At a range of shore diving sites near us, including Beacon Cove, Babbacombe beach, Brixham breakwater, Exmouth docks, the Waterfront and the Eastern Kings in Plymouth. We also dive at local inland sites Vobster and Cromhall; and we organise RIB dives from Portland with Terry Cox and Malcolm Strickland from Portland BSAC, kind retired gentlemen who help us out occasionally with training and reasonably priced diving around Portland and the Dorset coast. They have been longstanding EUSAC helpers and we are forever grateful. Several deeper dives have been conducted recently off Eastern Kings in Plymouth. These are brilliant, as EUSAC has previously been very focused on training and this has driven away some of our more experienced university classmates.

Exeter University SAC

What does your instructor team look like?

We have Training Officer Megan Gardner (Assistant Open Water Instructor - AOWI), OWIs Laura Bramwell and Iain Logan, AOWIs Daniel Rosen, Bryony Hobden and Euan Nicholas, who all work very hard to ensure our members have a great time learning with EUSAC. Our TO has been fantastic, organising three training weekends for our Sports and Ocean Divers. We even managed to get four Ocean Divers and a Sports Diver through open water training in the first academic term. This is a new record for us. 

Exeter University SAC

What training do you provide? 

Each year we have around 22 Ocean Diver trainees. We also regularly invest in sending our Sports Divers on Instructor Foundation Courses to meet demand for instructors. Oh, and we should mention that we emphasise teaching sustainability in our diving. 

What does greener diving look like to you? 

We regularly remove litter and plastics from the sites that we dive, and were recently involved with the 1000 Tyres Project. This is a community enterprise that involves lots of enthusiastic volunteers working alongside the project team. You can find out how to get involved on their website. The aim is to remove tyres and other pollutants from our marine environment, starting by cleaning up Plymouth Sound in Devon. Up-and-coming trainee Dive Leaders Euan Nicholas and Francesca Molinari also led an underwater litterpick for EUSAC divers.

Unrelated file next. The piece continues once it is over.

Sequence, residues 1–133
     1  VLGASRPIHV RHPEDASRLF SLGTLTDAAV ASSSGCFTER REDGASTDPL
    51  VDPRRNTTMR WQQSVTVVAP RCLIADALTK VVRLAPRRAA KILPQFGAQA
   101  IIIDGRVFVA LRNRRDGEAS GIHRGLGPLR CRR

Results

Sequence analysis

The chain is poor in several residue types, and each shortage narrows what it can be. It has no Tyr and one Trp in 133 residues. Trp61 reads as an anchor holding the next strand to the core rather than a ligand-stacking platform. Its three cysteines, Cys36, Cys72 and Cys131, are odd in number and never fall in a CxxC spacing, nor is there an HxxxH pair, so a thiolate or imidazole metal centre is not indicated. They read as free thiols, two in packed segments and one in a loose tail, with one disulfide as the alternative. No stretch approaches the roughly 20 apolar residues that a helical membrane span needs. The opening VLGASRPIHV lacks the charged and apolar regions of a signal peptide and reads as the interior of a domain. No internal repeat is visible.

Do you run any Skill Development Courses?

Sadly we do not, we focus purely on the Diver Training Programme; but it is something we would love to work on with other local BSAC clubs if there’s an opportunity. We are always looking for ways to work with local clubs, and by providing free gear rental to our members we are opening up a lot of opportunities for them with local diving companies such as Teign Diving Centre, which offers additional discount on trips. 

Exeter University SAC

Where does open-water training take place?

Our regular training weekends need to take place early in the season, almost always in October and January, to fit in with exam periods, so we often have problems with the weather. Being so near the sea we can easily cancel and pivot to an inland site. A recent very chilly weekend at Cromhall Quay saw 13 new, very hardy Ocean Diver trainees, who refused to back down and reschedule, complete more than 60 per cent all of the lessons planned for the day. A massive thank you to Daniel Montegue (our ex-club captain from five years ago) and Kevin Betts (an OWI who occasionally helps out) for their help. 

What’s on the horizon for EUSAC?

With yet another brand new committee just starting out we have achieved a lot this year; plenty of local diving in terms one and two, a time when we have previously struggled to get out due to poor weather. Club planning is quite hard because of the frequent changes to the committee, but we want to continue to work with local clubs and give opportunities to our local student divers or potential divers. We hope to raise awareness that Exeter is a great university club to work with.



How do I find scuba diving in southwest England?

If you're looking to scuba dive in Devon with Exeter University Sub Aqua Club, please contact subaqua.captain@exeter.ac.uk.

This Club Focus was originally published in SCUBA magazine, Issue 146 June 2024. For more membership benefits, visit bsac.com/benefits.